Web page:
Written by: Sarah W. Denton, Research Fellow, Institute for Philosophy and Public Policy, George Mason University; Research Assistant, Science and Technology Innovation Program (STIP), The Woodrow Wilson International Center for Scholars
On June 19, 2018, the National Academies of Sciences, Engineering, and Medicine (NASEM) held a public briefing timed with the release of a new report titled, Biodefense in the Age of Synthetic Biology. The panel – comprised of the committee chair, Dr. Michael Imperiale, and four authors of the report, Dr. Patrick Boyle, Dr. Peter Carr, Dr. Diane DiEuliis, and Dr. Jill Taylor– gathered to present their research to the public and provide an opportunity for an in-person and online question and answer session.
During this briefing, the panel discussed the study’s concern-assessment framework (Figure 1). The framework consists of four factors that can be used to assess the level of concern for current and future synthetic biology capabilities. Notably, rather than attempting to assess the levels of concern presented by various technologies (e.g., CRISPR/Cas9), this framework focuses instead on assessing capabilities “that potentially pose a concern because of the harm they might enable.”[i]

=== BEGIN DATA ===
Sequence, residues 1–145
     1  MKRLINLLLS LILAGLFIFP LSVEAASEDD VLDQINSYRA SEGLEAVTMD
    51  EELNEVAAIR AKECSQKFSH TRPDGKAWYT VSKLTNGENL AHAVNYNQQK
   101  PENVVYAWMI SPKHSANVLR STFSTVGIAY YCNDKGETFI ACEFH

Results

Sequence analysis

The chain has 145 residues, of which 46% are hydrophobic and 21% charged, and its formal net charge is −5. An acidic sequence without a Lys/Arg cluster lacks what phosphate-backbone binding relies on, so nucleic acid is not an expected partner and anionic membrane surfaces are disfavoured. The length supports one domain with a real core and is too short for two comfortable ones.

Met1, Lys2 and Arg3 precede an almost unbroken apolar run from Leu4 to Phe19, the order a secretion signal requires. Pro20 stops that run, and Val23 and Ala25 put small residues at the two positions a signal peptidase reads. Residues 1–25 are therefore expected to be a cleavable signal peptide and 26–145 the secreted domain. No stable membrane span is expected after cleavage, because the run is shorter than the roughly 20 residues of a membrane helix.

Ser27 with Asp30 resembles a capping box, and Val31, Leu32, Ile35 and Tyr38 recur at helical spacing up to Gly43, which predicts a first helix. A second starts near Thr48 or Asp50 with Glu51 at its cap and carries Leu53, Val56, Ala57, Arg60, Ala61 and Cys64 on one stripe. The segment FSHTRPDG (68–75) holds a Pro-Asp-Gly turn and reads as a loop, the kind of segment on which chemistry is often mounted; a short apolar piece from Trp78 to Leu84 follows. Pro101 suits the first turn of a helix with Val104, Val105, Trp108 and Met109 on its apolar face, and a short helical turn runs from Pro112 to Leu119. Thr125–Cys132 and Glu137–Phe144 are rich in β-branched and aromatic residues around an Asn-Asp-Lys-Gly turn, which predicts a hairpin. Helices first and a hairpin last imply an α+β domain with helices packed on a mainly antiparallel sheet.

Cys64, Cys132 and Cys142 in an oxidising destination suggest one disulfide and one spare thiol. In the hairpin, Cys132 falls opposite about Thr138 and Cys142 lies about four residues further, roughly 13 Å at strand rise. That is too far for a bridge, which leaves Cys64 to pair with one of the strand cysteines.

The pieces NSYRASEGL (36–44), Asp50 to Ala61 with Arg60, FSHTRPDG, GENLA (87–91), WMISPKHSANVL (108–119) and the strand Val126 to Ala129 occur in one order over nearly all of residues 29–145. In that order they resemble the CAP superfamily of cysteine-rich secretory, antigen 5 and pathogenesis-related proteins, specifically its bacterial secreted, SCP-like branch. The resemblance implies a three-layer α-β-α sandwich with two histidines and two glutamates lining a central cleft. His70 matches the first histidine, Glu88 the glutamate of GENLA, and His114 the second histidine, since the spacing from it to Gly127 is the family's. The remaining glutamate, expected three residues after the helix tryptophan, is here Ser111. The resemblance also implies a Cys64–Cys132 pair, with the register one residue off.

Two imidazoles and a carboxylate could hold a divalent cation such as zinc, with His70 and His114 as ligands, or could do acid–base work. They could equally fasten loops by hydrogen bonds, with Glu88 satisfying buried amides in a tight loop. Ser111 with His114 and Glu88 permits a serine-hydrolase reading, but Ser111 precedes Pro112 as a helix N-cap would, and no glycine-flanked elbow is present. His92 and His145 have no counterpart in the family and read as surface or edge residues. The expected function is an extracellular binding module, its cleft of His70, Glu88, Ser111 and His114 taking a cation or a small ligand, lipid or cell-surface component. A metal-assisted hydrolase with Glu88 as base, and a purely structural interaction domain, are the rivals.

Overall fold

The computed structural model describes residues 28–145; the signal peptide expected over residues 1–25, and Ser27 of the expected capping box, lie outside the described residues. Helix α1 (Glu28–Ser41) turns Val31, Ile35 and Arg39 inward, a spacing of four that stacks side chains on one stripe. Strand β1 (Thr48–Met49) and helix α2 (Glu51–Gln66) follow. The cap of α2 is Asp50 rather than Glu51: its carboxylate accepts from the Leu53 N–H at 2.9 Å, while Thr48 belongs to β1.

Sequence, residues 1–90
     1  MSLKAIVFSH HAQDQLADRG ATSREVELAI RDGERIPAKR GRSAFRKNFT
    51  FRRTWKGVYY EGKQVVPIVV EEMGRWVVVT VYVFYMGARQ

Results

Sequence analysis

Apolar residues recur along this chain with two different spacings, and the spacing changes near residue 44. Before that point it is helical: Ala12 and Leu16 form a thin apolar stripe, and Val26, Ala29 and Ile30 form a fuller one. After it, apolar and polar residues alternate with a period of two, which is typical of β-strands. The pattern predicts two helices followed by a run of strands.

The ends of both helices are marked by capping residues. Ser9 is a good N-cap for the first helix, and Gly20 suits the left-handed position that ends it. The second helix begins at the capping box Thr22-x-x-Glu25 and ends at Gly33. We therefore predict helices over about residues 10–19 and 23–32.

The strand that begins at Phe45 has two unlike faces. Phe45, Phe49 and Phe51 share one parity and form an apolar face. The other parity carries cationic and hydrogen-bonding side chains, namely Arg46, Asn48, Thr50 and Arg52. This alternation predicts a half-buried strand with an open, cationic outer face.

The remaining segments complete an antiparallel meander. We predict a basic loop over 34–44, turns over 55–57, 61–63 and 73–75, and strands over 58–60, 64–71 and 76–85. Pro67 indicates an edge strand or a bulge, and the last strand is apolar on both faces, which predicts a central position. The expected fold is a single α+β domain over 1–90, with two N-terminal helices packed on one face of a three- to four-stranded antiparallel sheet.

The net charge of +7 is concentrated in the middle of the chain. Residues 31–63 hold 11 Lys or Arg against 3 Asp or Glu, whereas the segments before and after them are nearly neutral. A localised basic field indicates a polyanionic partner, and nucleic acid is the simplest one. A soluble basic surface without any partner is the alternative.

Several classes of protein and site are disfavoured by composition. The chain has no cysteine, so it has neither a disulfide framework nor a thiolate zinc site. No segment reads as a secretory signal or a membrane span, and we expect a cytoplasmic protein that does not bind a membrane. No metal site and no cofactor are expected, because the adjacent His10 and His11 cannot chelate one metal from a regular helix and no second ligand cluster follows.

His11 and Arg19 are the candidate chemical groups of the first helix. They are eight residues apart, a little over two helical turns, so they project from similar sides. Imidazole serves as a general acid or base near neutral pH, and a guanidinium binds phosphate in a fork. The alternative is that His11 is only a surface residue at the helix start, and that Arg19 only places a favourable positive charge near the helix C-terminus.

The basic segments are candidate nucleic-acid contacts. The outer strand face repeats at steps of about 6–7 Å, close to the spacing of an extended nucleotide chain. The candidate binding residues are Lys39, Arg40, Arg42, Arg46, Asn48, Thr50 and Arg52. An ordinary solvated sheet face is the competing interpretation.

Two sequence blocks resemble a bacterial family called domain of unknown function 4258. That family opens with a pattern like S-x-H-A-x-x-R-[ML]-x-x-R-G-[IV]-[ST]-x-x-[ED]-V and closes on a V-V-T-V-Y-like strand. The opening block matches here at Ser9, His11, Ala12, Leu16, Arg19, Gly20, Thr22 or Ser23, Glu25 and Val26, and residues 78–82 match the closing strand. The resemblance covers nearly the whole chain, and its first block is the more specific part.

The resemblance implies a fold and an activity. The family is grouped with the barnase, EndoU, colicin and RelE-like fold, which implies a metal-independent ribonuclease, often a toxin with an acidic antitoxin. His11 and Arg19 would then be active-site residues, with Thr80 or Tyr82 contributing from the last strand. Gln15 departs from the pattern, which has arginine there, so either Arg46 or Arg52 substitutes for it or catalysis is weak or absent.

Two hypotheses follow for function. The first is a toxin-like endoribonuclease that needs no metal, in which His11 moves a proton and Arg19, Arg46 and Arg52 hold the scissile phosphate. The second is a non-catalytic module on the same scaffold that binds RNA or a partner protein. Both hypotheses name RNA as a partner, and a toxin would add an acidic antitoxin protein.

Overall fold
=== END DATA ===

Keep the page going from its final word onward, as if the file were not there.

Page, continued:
While the framework draws on previous works (e.g., Tucker 2012and the 2004 Fink report), what makes this report unique is its use of the Design-Build-Test (DBT) process as the foundation for its capability-assessment. DBT is the “iterative process of designing a prototype, building a physical instantiation, testing the functionality of the design, learning from its flaws, and feeding that information back into the creation of a new, improved design.”[ii]Specifically, the committee found it useful to conceptualize current and future technological developments in terms of the ways in which they enable the DBT cycle, granting that it is entirely possible for some technologies to have impacts across multiple phases of the DBT cycle.[iii]For example, the committee identified potential points of concern in all phases of the DBT process in their analysis of the level of concern relating to the re-creation of known pathogens.[iv] Continue reading “NASEM Report: Biodefense in the Age of Synthetic Biology”